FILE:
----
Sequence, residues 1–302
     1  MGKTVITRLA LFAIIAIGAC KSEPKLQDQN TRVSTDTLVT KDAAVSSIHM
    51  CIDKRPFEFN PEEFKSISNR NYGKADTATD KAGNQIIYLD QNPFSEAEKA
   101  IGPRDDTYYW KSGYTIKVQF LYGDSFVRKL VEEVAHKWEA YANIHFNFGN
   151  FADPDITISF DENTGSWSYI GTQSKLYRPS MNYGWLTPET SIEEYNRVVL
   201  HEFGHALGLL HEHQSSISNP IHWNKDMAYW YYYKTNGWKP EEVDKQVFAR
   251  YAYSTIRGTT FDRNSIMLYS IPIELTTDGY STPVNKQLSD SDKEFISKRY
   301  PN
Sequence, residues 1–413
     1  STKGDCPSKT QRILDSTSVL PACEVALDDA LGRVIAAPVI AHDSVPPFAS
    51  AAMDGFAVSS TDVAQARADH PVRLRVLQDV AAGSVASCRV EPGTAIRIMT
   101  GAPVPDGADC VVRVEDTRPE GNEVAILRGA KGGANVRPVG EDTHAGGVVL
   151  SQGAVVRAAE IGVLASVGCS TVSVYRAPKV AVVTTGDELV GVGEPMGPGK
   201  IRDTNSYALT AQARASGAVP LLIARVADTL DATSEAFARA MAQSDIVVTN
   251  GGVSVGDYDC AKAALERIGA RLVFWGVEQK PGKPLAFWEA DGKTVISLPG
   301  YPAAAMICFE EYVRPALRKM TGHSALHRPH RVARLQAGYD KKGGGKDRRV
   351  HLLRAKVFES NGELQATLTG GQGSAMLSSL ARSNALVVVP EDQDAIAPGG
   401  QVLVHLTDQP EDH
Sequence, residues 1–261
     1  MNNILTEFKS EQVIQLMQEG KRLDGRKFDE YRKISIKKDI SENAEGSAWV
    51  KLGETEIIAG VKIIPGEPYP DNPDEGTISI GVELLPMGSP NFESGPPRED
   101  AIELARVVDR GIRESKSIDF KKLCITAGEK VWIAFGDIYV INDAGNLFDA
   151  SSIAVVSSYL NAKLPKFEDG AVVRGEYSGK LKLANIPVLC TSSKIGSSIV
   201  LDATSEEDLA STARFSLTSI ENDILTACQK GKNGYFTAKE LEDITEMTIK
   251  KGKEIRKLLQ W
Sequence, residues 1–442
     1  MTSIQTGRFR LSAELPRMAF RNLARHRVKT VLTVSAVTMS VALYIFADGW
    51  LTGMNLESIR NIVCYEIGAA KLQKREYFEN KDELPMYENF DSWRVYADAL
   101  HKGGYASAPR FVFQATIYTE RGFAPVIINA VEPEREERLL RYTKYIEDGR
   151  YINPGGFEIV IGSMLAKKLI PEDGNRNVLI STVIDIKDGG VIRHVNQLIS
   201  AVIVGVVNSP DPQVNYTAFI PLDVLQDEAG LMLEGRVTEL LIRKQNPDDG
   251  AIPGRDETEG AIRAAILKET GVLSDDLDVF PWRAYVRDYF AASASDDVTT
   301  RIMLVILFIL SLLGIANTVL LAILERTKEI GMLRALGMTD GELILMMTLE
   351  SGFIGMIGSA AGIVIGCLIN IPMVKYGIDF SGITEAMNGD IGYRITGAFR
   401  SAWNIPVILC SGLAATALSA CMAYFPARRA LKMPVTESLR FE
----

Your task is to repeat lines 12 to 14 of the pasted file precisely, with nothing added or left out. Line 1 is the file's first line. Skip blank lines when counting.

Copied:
   101  GAPVPDGADC VVRVEDTRPE GNEVAILRGA KGGANVRPVG EDTHAGGVVL
   151  SQGAVVRAAE IGVLASVGCS TVSVYRAPKV AVVTTGDELV GVGEPMGPGK
   201  IRDTNSYALT AQARASGAVP LLIARVADTL DATSEAFARA MAQSDIVVTN